But speaking of readers: Art worried after the esoteric, experimental Breakdowns he wouldn’t have any. And he was compelled by the idea of “comics that needed a bookmark”: a long-form story that would be as tightly architected as his dense one-or two- or three- pagers in Breakdowns, but that would present a narrative through what he once called “the secret language of comics” instead of openly deconstructing the narrative on its face. Breakdowns includes a three-page story, titled “Maus,” about his Polish-Jewish parents’ memories of the Nazi death camps. It also includes, in a radically different, German Expressionist style, a four-page story of grief and guilt, “Prisoner on the Hell Planet,” about Spiegelman’s survivor mother’s suicide when he was 20. These two short autobiographical pieces, from 1972, are seeds for what would become a 13-year process of drawing and writing the book Maus: A Survivor’s Tale, which presents, through Vladek Spiegelman’s testimony, the story of Art’s parents’ experience in Poland during the Holocaust, and in New York City after — and also, crucially, the story of a young cartoonist struggling to understand and specifically to visualize in comics form what Art once called, in a notebook from the time, “the center of history’s hell.” A digest-sized, black and white two-volume comics work that features the abstraction of an animal metaphor, presenting Jews as mice and Nazis as cats, Maus blew the whole field open — along with the boundaries of art and literature more generally.
The subject, I believe, of all of Art’s work is the weight and movement of history — what he describes in his startling and significant book In the Shadow of No Towers, about his experience witnessing the 9/11 attacks — as “that fault line where World History and Personal History collide.” So what is it like to read Spiegelman? The cartoonist Lynda Barry wrote to me this week about her “feeling about the raw edge of time being right there where ever he is” — this is a feeling one gets in the presence of Art the person, but also in the presence of his marks, his panels, his pages, which feel paradoxically lively, and yet perfectly distilled and economical. As we see in Breakdowns, Maus, and In the Shadow of No Towers, to name just a few examples, the grammar of comics — boxes, balloons, tiers, gutters, bleeds — shapes itself to express often dark historical realities, along with the persistence of the past, its interpenetration with the present.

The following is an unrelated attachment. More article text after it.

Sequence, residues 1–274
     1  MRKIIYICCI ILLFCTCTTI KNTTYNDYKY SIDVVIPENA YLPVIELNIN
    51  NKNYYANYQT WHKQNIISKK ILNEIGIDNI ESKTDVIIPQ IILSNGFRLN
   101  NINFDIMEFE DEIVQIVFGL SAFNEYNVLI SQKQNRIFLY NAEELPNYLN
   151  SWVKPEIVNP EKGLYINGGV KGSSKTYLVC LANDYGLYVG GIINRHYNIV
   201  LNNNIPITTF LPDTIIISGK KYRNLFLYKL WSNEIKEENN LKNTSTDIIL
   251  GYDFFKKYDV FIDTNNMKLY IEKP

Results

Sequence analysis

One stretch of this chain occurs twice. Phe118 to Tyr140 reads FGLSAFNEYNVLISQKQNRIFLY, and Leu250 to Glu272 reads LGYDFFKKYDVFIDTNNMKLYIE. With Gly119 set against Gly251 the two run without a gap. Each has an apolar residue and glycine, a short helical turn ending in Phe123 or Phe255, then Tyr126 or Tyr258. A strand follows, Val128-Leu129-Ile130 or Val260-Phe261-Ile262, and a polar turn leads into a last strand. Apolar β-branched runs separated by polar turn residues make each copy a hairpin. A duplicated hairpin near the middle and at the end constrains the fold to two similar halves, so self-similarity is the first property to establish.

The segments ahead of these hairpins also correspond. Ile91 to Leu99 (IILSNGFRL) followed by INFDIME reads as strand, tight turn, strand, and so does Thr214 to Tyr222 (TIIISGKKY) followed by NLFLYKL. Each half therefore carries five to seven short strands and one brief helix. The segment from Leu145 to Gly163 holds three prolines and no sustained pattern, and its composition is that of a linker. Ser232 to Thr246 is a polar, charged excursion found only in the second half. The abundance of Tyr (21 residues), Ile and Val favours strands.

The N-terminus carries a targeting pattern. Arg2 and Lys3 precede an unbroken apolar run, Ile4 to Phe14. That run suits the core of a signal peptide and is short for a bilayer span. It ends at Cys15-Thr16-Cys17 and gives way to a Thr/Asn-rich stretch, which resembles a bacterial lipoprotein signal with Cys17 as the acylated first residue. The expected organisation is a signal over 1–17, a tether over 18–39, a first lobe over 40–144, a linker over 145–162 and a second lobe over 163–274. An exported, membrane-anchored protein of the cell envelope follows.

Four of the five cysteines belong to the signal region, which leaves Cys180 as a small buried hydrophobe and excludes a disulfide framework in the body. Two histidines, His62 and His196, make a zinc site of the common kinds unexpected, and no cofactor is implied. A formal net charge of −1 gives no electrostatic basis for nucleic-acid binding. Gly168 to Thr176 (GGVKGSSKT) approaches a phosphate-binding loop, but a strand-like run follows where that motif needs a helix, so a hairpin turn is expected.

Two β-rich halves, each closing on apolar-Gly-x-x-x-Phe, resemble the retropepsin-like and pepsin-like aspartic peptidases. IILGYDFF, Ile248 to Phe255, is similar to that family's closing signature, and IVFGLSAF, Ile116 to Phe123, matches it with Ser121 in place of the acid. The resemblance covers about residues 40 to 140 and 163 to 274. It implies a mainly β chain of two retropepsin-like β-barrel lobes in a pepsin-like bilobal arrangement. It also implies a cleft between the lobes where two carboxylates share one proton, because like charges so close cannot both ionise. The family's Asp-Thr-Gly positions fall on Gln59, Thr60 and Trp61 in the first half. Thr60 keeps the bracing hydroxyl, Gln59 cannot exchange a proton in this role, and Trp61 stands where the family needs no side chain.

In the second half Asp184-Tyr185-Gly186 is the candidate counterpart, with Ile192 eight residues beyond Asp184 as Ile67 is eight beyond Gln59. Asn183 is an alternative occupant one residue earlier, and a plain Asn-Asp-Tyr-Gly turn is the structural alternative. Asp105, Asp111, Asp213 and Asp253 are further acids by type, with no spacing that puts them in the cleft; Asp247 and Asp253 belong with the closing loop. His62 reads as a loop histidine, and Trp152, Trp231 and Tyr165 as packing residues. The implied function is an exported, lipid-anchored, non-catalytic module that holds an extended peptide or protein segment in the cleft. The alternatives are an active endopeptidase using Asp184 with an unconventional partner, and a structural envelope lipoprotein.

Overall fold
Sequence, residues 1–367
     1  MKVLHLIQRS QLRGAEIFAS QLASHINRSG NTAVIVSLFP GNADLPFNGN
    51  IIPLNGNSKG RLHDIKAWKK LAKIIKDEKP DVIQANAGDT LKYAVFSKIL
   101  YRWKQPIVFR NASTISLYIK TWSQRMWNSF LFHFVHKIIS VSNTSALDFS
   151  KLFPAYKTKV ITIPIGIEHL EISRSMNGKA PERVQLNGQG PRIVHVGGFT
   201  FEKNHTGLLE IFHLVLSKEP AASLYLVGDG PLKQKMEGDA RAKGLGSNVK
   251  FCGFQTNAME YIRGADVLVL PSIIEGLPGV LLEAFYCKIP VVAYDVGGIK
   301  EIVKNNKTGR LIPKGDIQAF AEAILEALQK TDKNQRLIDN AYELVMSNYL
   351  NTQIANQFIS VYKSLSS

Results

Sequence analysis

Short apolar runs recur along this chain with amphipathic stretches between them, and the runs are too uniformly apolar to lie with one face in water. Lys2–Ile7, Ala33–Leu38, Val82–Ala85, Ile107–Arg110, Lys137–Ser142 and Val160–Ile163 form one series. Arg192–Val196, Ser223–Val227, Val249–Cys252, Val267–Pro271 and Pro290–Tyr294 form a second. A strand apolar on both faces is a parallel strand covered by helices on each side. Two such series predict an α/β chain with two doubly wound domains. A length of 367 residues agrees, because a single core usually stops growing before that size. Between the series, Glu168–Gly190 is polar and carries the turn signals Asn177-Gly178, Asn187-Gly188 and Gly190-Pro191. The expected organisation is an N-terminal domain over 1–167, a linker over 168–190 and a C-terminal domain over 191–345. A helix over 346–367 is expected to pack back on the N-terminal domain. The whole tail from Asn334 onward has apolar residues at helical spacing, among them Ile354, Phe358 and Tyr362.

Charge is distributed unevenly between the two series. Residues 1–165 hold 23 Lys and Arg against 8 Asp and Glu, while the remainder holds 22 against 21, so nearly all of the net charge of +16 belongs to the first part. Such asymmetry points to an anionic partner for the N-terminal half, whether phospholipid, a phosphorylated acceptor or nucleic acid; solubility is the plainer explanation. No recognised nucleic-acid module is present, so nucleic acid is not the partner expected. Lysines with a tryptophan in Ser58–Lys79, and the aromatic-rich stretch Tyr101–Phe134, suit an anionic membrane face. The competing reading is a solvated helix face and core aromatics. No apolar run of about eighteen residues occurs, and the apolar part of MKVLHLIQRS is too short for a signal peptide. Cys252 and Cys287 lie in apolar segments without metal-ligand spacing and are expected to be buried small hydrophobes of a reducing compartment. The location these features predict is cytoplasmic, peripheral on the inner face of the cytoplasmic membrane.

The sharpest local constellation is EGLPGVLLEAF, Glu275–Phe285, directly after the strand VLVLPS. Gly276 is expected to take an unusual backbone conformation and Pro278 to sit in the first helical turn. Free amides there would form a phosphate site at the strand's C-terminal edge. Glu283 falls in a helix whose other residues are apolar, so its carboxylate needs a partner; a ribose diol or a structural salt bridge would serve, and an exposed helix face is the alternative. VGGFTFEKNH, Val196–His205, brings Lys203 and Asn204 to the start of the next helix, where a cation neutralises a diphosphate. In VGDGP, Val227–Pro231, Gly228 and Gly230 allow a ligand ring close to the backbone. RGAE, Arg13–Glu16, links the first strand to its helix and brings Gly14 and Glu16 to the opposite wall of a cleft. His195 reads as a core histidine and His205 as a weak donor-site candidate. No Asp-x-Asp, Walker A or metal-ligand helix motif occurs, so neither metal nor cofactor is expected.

I had the pleasure of working with Art, for upwards of five years, on the book MetaMaus, which is about the historical, stylistic, and familial research that went into Maus. The anchor of the book is a long interview that we recorded over a period of years and then edited. Two of my favorite quotes — and it’s really hard to choose just two —from MetaMaus illustrate what Spiegelman has done to change culture’s sense of what is representable and how. The first demonstrates something I have always admired about Art: his imperviousness, no matter what the situation, to trends, and his unwavering commitment to his own convictions. Art is never scared to have an unfashionable opinion, (laughter) never scared to be honest. Making a comic book about the Holocaust in the 1980s, when Maus I came out, could have been considered risky; it was by others. In MetaMaus Art told me, “I was at The Frankfurt Book Fair when [Maus I] came out, and was aggressively barked at by a reporter, ‘Don’t you think that a comic book about the Holocaust is in bad taste?’ I liked my response. I said, ‘No, I thought Auschwitz was in bad taste.’ ”
Spiegelman has always had the guts to take comics — and himself — seriously, regardless of the outcome. My second favorite quote from MetaMaus, and one I think about often, is simply, “history is far too important to be left solely to the historians.” Comics concretizes history in its series of marks while pressurizing concepts of linear time, and transparency, through its succession of self-consciously framed moments and its constant interplay of presence and absence.